Yes, Marriage Will Change–and Here’s How

Public Discourse – Mark Regnerus 7 June 2013
Will same-sex marriage cause harm to opposite-sex marriage? It’s one of the most enduring questions surrounding state and national legal decisions about marriage.

But the question itself is empirically unanswerable any time soon. We are arguably years away from gathering quality longitudinal, nationally representative data on the matter. And even then, assessing—let alone agreeing upon—causation will remain difficult. Same-sex marriage may, after all, be a later-stage symptom of the general deinstitutionalization of marriage rather than, as many assert, a cause of it. So the question remains less an empirical one than a theoretical one at present.

And yet we can build plausible hypotheses about the broader influence of same-sex marriage by looking around the neighborhood—that is, at what we already know about gay and straight relationships, about what’s happening to marriage, the mating market, and how institutions change.

In the simplest sense, of course, same-sex marriage won’t alter the institution for everyone, because nothing ever happens to “everyone” in reality, or in social science data. Associations, probabilities, and educated guesses are the best we can establish.

Lots of changes in marriage have, and will continue to, come about. What should we expect next? That’s the question Liza Mundy pursues in her cover story in this month’s Atlantic Monthly. “The Gay Guide to Wedded Bliss” explores the ways in which same-sex marriages may very well school those of us who have already entered—or someday will enter—the hallowed and embattled institution. Mundy is confident that such unions “could help haul matrimony more fully into the 21st century,” and that real influence is possible. This is in stark contrast to the politically tailored message that same-sex marriage will change nothing.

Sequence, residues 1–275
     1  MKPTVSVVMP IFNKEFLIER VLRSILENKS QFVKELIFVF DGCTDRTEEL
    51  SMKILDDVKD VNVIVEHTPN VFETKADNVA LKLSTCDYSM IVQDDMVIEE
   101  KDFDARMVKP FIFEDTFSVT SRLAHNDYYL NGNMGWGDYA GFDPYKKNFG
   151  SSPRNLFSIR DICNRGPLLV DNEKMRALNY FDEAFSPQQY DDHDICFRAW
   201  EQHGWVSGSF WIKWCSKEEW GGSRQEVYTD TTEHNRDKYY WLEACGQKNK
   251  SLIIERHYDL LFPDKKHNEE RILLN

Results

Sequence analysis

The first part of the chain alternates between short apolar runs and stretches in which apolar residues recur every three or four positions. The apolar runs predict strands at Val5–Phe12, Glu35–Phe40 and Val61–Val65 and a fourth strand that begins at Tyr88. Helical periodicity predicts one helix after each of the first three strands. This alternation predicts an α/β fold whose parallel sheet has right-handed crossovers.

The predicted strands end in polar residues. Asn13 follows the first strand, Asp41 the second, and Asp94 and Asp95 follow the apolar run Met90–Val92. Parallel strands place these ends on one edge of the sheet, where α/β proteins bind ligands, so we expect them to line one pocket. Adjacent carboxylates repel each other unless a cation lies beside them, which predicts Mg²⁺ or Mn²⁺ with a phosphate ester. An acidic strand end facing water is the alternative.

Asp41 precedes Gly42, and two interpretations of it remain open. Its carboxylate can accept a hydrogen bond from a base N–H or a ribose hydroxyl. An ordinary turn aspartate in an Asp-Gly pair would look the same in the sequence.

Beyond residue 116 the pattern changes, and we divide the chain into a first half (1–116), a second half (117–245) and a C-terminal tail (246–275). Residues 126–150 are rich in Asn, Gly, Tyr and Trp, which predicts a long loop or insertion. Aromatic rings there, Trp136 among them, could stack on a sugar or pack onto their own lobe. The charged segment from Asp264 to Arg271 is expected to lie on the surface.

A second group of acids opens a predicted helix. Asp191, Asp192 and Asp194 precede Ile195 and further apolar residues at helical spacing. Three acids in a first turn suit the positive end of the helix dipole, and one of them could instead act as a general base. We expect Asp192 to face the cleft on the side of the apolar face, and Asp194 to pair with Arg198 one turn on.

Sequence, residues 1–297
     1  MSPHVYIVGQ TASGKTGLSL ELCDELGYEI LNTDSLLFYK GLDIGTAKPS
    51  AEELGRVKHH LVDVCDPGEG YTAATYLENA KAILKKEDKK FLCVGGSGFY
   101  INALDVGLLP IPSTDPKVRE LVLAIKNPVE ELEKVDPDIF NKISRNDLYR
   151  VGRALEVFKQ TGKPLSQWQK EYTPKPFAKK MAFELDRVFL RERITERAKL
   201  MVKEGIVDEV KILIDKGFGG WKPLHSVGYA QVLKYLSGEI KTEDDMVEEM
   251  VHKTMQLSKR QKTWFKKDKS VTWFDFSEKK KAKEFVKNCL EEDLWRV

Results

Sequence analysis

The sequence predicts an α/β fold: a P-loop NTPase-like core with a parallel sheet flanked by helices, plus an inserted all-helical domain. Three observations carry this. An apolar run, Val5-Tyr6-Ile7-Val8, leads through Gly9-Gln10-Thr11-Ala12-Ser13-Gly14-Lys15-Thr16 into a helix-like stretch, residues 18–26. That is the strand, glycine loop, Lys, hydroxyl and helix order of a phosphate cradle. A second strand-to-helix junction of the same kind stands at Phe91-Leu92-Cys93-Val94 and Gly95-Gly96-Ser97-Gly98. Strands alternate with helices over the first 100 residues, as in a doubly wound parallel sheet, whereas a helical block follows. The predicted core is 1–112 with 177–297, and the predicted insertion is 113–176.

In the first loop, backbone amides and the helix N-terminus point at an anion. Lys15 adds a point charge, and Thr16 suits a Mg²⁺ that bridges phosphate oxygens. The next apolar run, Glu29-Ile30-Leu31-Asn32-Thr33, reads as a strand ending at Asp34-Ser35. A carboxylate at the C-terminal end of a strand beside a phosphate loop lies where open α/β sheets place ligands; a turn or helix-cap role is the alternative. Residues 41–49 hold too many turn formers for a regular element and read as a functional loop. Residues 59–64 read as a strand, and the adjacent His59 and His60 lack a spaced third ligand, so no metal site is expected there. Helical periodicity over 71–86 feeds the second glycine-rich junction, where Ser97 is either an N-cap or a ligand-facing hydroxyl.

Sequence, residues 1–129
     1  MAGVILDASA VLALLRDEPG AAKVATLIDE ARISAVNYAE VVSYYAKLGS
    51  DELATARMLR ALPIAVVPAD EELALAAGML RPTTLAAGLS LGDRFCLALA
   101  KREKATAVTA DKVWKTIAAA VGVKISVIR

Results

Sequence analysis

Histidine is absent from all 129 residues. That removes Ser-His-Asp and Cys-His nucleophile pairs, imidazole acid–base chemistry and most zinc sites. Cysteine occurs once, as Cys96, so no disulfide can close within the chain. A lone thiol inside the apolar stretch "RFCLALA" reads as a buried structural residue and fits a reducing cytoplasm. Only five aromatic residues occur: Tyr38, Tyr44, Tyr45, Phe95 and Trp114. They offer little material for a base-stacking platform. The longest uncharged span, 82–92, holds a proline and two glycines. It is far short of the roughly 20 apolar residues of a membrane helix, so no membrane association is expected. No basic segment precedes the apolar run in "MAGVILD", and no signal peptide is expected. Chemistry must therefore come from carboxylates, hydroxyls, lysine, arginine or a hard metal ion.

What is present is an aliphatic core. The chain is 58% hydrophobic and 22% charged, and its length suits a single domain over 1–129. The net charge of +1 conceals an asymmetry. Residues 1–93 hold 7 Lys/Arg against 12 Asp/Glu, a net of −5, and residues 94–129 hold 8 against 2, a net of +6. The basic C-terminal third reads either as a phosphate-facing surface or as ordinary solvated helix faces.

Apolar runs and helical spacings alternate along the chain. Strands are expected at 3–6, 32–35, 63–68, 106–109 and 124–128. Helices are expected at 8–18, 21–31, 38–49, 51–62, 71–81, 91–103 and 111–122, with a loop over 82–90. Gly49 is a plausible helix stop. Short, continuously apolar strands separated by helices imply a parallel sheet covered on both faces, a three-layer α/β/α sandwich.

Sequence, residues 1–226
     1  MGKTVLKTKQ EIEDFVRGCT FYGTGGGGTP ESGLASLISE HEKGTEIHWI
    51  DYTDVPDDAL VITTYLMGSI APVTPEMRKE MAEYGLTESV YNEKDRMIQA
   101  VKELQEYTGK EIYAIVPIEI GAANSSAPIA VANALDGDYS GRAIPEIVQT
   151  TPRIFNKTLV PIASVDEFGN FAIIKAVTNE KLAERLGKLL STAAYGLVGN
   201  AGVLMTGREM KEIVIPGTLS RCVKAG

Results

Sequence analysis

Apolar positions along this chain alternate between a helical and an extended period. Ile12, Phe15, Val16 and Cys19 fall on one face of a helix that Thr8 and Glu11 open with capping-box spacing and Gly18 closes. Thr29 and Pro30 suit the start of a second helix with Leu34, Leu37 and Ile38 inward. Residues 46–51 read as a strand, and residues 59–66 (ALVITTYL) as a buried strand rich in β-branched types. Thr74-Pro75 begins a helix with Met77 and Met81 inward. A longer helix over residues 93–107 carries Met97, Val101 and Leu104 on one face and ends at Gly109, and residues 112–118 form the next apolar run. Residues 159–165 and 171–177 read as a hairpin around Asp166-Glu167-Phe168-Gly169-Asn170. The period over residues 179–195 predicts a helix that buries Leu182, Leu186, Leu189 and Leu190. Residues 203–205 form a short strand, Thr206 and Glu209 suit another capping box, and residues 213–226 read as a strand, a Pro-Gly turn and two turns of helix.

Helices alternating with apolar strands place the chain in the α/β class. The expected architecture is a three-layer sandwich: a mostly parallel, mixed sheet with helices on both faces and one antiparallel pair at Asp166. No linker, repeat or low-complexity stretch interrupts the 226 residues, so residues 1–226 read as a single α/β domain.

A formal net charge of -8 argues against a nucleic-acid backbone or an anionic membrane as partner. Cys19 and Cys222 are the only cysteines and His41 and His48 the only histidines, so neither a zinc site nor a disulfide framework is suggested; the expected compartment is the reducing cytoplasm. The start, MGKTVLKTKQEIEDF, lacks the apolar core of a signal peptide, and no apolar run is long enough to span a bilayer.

“What if same-sex marriage does change marriage, but primarily for the better,” she wonders aloud. How would this work? By giving us “another image of what marriage can be,” she asserts. What sort of image? According to Mundy, it’s the cardinal virtue of equality, or egalitarianism. Sameness and fairness.

Before we prematurely declare this image worth mirroring, consider for a few moments the side effects Mundy identifies on the way to the egalitarian utopia she praises. Three in particular stand out.

Women’s Unions Remain Unstable

Female and Male Homosexuality: Apples and Oranges

Men’s Interests Dominate the Mating Market
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